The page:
Create a book-store style display.” On the bookshelf, show off books by their jackets or front covers to encourage a child to choose that book.  Display books you have read so you can talk to the child about why you like the book and why he might.girl reading Junie B. Jones

Read aloud to students of all ages.” When you read to a younger child, you expose him to books whose ideas he can grasp even though the vocabulary might be difficult for his reading level.  When you read to an older child, you introduce genres which the child might not choose, and you model comprehension strategies such as predicting, asking questions and summarizing.

Acknowledge and celebrate success.” Praise your child for his reading.  Create a spot to post his reading accomplishments—names of books and articles read, or number of pages read.

For more detailed information, go to http://doc.renlearn.com/KMNet/R60386.pdf.

Reading tips from Scholastic

Scholastic, the publisher of so many children’s books, offers seven tips to increase reading opportunities for children on its website, http://www.scholastic.com/parents/resources/article/more-reading-resources/reading-tips-parents.  I have paraphrased them below.

  • Label everything in your home with masking tape or Post-it notes.  This is a great way for young children to learn vocabulary, including long words such as refrigerator and calculator.
  • Find a book that is “just right” for your child.  Have the child read the front cover, the back cover, and the first page of a book.  If the child can read all the words, the book might be okay or it might be too easy.  If the child can’t read five of the words, the book is probably too hard.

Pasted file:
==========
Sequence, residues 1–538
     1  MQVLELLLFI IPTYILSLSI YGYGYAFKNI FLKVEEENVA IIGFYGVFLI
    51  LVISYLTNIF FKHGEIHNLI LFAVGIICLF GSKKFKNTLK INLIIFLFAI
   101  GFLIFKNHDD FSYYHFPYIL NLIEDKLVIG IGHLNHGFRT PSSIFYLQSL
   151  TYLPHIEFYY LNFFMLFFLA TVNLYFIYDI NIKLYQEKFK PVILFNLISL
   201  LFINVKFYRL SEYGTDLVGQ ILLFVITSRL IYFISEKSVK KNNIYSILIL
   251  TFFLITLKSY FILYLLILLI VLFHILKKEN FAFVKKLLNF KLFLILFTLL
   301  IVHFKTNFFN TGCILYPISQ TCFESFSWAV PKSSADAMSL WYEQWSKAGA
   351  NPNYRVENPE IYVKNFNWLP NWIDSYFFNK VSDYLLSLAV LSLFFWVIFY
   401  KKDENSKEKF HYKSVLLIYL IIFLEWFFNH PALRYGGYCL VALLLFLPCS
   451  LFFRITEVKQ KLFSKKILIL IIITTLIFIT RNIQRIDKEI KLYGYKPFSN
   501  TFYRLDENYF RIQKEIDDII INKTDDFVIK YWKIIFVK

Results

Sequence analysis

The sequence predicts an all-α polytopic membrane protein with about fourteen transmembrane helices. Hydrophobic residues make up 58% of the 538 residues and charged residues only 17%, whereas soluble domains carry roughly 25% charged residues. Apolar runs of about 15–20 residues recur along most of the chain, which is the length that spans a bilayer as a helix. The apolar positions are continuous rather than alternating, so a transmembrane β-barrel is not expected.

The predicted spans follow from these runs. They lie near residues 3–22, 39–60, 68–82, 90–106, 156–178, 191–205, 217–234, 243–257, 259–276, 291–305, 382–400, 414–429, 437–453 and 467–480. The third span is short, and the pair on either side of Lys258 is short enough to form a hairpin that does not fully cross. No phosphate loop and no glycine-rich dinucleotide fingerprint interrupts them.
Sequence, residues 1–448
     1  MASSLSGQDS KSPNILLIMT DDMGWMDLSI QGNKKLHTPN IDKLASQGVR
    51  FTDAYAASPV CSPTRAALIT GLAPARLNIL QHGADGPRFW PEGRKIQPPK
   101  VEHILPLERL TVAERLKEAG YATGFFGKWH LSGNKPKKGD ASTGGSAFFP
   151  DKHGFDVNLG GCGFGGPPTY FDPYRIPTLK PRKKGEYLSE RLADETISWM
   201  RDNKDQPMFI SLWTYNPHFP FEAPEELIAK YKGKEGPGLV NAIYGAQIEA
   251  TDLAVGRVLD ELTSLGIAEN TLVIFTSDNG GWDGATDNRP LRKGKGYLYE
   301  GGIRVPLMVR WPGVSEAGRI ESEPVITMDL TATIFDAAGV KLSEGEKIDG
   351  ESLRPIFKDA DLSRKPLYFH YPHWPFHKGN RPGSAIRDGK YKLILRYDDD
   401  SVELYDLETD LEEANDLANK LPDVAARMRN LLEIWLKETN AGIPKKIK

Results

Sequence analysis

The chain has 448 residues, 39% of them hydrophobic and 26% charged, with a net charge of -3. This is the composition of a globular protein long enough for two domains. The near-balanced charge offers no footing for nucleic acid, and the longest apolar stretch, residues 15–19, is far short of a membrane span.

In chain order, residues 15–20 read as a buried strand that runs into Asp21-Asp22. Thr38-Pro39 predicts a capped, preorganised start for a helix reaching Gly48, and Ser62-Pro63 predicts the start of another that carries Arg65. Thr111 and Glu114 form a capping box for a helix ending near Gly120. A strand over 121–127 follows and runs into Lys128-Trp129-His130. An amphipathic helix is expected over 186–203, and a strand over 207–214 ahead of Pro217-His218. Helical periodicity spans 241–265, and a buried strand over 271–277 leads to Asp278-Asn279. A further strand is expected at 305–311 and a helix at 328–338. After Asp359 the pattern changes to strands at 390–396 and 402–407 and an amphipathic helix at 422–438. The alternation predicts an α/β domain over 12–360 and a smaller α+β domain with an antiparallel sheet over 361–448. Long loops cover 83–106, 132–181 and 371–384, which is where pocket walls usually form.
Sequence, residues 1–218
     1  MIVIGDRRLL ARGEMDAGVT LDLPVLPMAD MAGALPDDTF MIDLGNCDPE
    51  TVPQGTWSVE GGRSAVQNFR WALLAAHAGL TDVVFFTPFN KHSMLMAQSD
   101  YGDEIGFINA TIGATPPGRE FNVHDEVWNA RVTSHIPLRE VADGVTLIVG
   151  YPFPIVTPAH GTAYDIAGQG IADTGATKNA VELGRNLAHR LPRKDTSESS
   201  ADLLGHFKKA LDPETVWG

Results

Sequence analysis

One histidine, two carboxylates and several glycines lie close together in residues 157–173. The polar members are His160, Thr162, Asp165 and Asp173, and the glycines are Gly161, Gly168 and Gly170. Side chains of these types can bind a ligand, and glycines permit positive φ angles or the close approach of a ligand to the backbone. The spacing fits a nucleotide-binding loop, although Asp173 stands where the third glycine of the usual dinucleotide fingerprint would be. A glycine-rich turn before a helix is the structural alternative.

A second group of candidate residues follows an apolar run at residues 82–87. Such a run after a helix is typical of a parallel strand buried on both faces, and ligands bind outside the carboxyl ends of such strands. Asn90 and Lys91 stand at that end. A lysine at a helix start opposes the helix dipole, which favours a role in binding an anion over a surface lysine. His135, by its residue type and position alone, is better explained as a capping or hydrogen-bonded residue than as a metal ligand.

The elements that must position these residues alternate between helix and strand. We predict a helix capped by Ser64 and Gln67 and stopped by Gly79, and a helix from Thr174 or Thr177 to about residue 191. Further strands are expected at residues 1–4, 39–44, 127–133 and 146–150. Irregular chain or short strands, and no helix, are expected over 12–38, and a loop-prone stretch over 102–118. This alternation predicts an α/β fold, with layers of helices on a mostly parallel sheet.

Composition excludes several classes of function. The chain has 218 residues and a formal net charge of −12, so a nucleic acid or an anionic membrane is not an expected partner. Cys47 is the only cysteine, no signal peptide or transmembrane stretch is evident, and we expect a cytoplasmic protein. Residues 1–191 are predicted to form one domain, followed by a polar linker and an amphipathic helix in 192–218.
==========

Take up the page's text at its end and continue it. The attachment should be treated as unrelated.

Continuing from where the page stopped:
• Teach the child how to read a street map of your neighborhood.  Reading diagrams, maps and graphs is an important skill in Common Core curriculum.  Have the child translate the diagram into word directions.  “Go down the front steps.  Turn left.  Walk to the end of the street.  Turn left onto Delaware Avenue and keep walking until you get to Lincoln Park.  Be careful crossing the street.”
  • Read greeting cards together.  Go to the grocery store or drug store’s birthday card section.  Read the cards together and vote which one is best.
  • Take pictures during an outing or vacation.  Later, ask the child to create captions for each photo and gather them into a photo album.  Or make a booklet of photos and words.
  • Read the Sunday comics with your child.  Cut out good ones to hang on the refrigerator.  Reread them.  [Inference can be learned from this activity, looking at facial expressions where words are not used.]
  • Help your child write a letter to his favorite author.  Most authors have a website which will accept emails.  Or you can find a mailing address on the publisher’s website.